Academic journal article Journal of Biblical Literature

Vengeance and Vindication in Numbers 31

Academic journal article Journal of Biblical Literature

Vengeance and Vindication in Numbers 31

Article excerpt

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The story of Moses's birth amid Israel's "ruthless" oppression in Egypt is one of the best known in the Hebrew Bible, thanks in part to Pharaoh's heartless command "Every son that is born you shall throw into the Nile, but every daughter you may allow to live" (Exod 1:22).1 Yet there is another "slaughter of the innocents" that has received far less notice. In Num 31 we meet Moses at the end of his life (v. 2b), commanded by YHWH to "avenge the Israelites on the Midianites" (v. 2a), according to the NRSV. Moses's own wife was a Midianite (Exod 2:15-22, Num 10:29-32); but not only does Moses send an army against them (Num 31:3-12), he even angrily objects to the preservation of the captives after the battle (31:13-16). Like Pharaoh, Moses now demands that they also "kill every male among the children, and kill every woman who has known a man..., but every child among the women ... keep alive for yourselves" (31:17-18). Unlike Exod 1-2, Num 31 raises no lament over the fate of these women and children and tells no tales of their miraculous escape. "Vengeance," it appears, has been served. But has it?

In Num 31:16, Moses justifies his command by appealing to the Midianites' role in the apostasy and plague recounted in Num 25, and commentators have generally accepted that explanation and concluded that the text portrays the utter destruction of Midian as the fulfillment of YHWH's call for "vengeance."2 Horst Seebass has questioned that consensus, noting that the slaughter of the Midianite women and boys is nowhere granted explicit divine sanction and asking whether this implies a "distance" over against Moses's command.3 Seebass does not commit to that line, but there is a great deal of evidence to support it. Through an examination of the chapter's overall structure and reuse of earlier traditions, I will argue that Num 31 as a whole portrays Moses's demands in vv. 13-18 as an extension beyond YHWH's requirements, not as their fulfillment.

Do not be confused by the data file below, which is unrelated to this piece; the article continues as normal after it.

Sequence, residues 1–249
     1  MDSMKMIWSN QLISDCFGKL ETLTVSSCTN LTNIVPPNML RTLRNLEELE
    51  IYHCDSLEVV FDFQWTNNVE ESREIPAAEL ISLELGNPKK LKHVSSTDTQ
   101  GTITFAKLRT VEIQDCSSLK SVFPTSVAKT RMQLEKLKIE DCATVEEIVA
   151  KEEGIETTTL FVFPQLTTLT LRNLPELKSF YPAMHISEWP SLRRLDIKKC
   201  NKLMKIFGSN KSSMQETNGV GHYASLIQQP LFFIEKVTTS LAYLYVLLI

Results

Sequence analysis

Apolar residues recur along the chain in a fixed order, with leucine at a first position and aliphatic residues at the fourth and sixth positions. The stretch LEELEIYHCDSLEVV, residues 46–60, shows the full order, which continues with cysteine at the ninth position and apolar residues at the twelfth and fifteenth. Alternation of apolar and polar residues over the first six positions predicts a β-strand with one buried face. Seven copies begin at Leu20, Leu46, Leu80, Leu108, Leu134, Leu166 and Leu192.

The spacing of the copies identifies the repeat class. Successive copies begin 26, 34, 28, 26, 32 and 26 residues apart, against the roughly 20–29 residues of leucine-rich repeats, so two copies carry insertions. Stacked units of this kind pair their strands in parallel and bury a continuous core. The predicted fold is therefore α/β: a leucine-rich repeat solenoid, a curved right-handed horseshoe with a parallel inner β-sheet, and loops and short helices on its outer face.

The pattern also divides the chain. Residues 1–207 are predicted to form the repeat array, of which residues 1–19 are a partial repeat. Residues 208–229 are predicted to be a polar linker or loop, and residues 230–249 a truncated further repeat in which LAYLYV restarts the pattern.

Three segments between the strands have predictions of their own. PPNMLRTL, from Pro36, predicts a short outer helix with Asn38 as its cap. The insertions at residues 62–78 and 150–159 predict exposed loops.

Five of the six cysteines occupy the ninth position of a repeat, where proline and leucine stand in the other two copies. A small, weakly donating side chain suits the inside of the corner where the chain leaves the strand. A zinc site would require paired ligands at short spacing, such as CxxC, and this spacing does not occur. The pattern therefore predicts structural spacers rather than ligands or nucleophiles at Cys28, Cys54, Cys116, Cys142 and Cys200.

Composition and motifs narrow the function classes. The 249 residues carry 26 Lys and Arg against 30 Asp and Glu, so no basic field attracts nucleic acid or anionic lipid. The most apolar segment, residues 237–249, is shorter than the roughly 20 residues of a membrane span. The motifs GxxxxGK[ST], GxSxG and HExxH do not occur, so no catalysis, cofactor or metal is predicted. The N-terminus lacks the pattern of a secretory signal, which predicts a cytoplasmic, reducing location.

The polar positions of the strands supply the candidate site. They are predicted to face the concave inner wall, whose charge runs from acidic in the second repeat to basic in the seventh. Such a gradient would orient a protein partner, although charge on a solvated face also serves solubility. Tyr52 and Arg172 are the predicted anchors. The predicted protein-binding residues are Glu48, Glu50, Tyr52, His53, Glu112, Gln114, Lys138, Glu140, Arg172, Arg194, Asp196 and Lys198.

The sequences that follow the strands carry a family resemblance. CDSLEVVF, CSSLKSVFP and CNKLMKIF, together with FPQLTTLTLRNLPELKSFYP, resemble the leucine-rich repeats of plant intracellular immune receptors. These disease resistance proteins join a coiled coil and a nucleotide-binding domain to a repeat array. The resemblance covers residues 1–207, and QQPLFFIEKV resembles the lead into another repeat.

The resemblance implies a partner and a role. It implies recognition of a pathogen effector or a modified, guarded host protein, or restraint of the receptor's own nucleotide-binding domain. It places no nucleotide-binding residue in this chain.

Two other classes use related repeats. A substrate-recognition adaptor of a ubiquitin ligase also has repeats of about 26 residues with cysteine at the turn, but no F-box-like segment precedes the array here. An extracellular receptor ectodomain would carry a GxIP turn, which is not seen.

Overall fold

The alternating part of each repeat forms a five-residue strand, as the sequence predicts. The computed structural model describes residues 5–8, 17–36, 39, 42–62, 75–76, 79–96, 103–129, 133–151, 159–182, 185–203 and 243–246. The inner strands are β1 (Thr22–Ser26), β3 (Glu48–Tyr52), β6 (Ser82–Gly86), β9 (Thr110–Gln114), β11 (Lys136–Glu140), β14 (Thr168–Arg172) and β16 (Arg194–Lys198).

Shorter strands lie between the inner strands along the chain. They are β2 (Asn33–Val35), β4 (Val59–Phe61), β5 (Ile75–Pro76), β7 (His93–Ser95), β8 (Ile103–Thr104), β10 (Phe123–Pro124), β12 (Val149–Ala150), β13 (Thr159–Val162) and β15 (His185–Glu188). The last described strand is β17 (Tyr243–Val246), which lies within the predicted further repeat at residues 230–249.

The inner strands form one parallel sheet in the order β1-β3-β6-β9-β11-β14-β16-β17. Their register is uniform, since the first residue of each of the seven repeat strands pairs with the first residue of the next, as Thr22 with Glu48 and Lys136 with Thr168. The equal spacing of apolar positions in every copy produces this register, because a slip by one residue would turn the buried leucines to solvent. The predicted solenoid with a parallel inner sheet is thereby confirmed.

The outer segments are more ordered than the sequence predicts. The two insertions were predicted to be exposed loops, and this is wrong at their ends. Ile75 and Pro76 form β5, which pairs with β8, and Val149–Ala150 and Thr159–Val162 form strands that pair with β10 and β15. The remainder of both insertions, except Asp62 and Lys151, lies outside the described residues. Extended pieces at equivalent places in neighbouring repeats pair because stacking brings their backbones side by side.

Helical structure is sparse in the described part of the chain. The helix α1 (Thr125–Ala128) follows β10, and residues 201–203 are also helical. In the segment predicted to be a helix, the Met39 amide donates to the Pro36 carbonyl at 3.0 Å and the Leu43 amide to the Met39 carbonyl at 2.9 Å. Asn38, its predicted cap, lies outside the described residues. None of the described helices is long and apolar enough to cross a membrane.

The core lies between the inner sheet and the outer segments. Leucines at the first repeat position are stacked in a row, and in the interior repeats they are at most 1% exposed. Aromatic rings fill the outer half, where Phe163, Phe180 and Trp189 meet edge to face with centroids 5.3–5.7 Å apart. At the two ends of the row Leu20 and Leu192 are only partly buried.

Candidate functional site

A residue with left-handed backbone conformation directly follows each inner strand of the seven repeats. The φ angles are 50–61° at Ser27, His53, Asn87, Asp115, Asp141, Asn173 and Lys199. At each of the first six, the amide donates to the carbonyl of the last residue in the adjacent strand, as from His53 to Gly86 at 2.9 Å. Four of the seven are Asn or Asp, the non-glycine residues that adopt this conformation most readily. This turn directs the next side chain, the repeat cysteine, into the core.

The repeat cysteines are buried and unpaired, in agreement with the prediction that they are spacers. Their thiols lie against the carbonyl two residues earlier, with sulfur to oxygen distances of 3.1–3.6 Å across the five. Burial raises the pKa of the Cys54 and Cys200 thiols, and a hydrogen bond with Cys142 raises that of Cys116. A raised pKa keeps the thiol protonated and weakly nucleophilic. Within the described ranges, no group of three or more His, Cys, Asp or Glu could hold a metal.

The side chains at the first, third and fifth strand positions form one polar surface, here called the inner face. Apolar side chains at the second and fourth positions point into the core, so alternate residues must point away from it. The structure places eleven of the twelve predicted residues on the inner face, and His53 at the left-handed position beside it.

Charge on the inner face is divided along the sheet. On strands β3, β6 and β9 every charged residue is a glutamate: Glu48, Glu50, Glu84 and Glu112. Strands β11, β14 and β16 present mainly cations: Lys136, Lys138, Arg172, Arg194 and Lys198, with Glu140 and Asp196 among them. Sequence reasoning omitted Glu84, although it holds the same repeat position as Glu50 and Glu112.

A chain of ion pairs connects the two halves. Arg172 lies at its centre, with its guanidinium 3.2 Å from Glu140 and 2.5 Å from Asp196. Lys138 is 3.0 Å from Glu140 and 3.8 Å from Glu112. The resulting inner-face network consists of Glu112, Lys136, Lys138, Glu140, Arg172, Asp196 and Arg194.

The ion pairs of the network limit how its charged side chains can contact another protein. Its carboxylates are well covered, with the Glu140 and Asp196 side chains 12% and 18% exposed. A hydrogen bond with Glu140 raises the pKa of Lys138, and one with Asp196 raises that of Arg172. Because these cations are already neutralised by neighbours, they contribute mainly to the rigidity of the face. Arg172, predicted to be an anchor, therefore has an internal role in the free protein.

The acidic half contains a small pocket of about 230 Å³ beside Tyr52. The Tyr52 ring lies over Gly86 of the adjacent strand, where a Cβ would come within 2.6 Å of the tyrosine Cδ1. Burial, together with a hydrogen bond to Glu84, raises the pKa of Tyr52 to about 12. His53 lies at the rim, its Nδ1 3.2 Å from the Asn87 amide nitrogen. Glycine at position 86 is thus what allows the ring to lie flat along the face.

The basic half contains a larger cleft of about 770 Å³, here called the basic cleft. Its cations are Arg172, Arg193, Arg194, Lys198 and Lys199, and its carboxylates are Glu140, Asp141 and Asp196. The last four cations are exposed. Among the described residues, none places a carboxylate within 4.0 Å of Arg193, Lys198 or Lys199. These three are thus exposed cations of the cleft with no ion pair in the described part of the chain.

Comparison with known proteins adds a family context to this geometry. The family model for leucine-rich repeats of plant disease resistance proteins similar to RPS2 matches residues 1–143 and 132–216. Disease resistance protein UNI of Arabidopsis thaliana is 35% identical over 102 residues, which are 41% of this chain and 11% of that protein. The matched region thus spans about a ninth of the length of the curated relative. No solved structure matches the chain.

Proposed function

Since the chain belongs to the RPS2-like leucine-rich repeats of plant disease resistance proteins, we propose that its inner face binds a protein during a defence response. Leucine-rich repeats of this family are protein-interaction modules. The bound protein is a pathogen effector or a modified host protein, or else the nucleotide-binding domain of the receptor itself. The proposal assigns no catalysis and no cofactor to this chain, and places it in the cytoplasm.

Numbers 31 does not simply recount a historical event; it reapplies and reformulates a wide range of earlier biblical legislation in novel and surprising ways.4 While critical English-language scholarship has often considered the chapter Priestly,5 its reinterpretations not only of Priestly but also of Deuteronomic and other traditions suggest that its final form is late and post-Priestly, as German scholarship has long recognized.6 In particular, Moses's command to execute the Midianite women and boys will be seen to reinterpret both YHWH's command in 31:2-already fulfilled in 31:7-and the war regulations in Deut 20:10-15, which are closely followed in Num 31:7-12. Similarly, this whole sequence of divine command, fulfillment, and extension in 31:1-18 is paralleled in the second half of the chapter, where a voluntary gift to the sanctuary by "the officers" in 31:48-54 also goes beyond YHWH's commands regarding the distribution of the plunder in 31:25-30, which are explicitly fulfilled in 31:31-47. Like Moses's demand, the officers' gift lacks explicit divine approval, and its reapplication of the census regulations in Exod 30:11-16 is no less innovative than Moses's reinterpretation of Deut 20.

Yet these two extensions beyond YHWH's command are not simply parallel; they are set in contrast. They embody two very different responses to the threat of apostasy and plague, the former focused on the enemy, the latter on Israel itself. This reflects a tension first introduced between YHWH's initial call for "vengeance" (...) in 31:2 and Moses's reformulation of it in 31:3. Though the two verses are generally assumed to be equivalent, they are not. Moses's restatement emphasizes YHWH's ... on (...) Midian, but YHWH's own command highlights Israel's ... from (...) the Midianites. As Jacob Milgrom notes, the two expressions carry distinct nuances: Moses's indicates retribution or punishment on the enemy, but, despite the usual translations, YHWH's probably calls for the vindication or redress of Israel itself. …

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